• Billing and Coding Errors (Intentional and Unintentional) – Billing and coding errors are common; and, while it is easy for billing administrators to make mistakes, these mistakes will not be forgiven. This applies to mistakes made by in-house billing administrators as well as third-party billing companies, as pharmacies remain directly responsible for ensuring that the bill all payors correctly. Submitting the wrong billing code, upcoding, double billing, and numerous other issues can lead to retractions and other penalties, and they can increase pharmacies’ risk of facing future audits from CVS Caremark.
  • Issues Involving Compound Prescriptions – Compounding pharmacies are frequent targets of CVS Caremark audits. Allegations of compound pharmacy fraud can take many different forms, ranging from billing for unauthorized medications to offering and accepting kickbacks and other prohibited fees from referring physicians. In addition to representing compounding pharmacies in CVS Caremark and other PBM audits, we also represent these pharmacies in federal audits and investigations.
  • Licensing Violations – Pharmacies that violate state licensing laws and regulations will find that these violations can trigger substantial penalties in CVS Caremark audits. This includes violations such as operating without a license (i.e. opening for business before a license has been obtained), operating on a suspended or revoked license, and dispensing medications to out-of-state patients. Of course, these violations can lead to other disciplinary and law enforcement action as well, and pharmacies accused of licensing violations must often be prepared to defend themselves on multiple fronts.
  • PBM Contract Fraud – CVS Caremark’s PBM contract contains numerous terms, conditions, and restrictions that govern participating pharmacies’ prescription and billing practices. All of these provisions must be carefully followed, and contractual breaches are common issues in CVS Caremark and other PBM audits. If your pharmacy is accused of violating its PBM contract during an audit, you will need experienced legal counsel in order to address the allegations effectively and minimize any potential liability.
  • Mail Order and Telemedicine Violations – Mail-order pharmacies and those that dispense medications pursuant to prescriptions written following telemedicine consultations will often face enhanced scrutiny from CVS Caremark. These are both considered high-risk areas for prescription drug fraud, and CVS Caremark (along with other PBMs and the federal government) closely monitors pharmacies’ practices involving mail order and telemedicine prescriptions.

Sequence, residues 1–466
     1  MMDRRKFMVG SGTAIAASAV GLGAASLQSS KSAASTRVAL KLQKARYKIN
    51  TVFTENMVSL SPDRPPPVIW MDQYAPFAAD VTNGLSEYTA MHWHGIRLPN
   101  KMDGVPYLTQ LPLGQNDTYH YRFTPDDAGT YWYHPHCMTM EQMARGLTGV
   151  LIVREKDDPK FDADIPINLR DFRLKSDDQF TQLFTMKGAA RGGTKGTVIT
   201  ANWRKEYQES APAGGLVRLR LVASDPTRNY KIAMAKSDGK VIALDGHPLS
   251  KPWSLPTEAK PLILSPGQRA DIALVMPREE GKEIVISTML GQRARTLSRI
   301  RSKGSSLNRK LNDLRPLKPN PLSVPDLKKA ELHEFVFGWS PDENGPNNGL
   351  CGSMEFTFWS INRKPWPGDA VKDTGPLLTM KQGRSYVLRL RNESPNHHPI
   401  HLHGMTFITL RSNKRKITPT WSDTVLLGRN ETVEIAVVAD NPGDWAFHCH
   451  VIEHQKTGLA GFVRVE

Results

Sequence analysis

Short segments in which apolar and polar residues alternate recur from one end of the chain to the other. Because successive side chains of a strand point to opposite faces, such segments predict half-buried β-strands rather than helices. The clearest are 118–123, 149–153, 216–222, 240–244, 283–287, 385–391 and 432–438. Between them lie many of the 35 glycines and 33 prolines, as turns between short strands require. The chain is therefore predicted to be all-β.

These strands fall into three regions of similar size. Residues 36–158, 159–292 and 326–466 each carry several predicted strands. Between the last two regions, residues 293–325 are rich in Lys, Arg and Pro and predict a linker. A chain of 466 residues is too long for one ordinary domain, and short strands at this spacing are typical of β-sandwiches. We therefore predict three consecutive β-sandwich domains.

• Deductible Waivers, Prescription Mistakes, and Other Issues – Authorizing deductible waivers, dispensing the wrong drug or the wrong dosage, and various other issues can trigger retractions and other penalties during CVS Caremark audits as well. When facing a PBM audit, pharmacy owners need to be prepared, and this means having a comprehensive understanding of any and all issues that have the potential to be raised.  

At Oberheiden P.C., we provide comprehensive advice and representation for pharmacies facing CVS Caremark audits. Our clients work directly with our senior pharmacy defense lawyers and pharmacy compliance consultants, many of whom are former agents with the DEA and DHHS OIG. When you contact us, we will work quickly to proactively assess your pharmacy’s potential exposure, and we will prepare and execute a defense strategy that is custom-tailored to the circumstances of your pharmacy’s CVS Caremark audit.

Speak with a CVS Caremark Audit Defense Attorney at Oberheiden P.C.

If you would like more information about our firm’s pharmacy audit defense practice, please contact us to arrange a confidential consultation with one of our senior attorneys or compliance consultants. Call 888-680-1745 to schedule an appointment, or tell us how you would like to be contacted and we will be in touch with you shortly.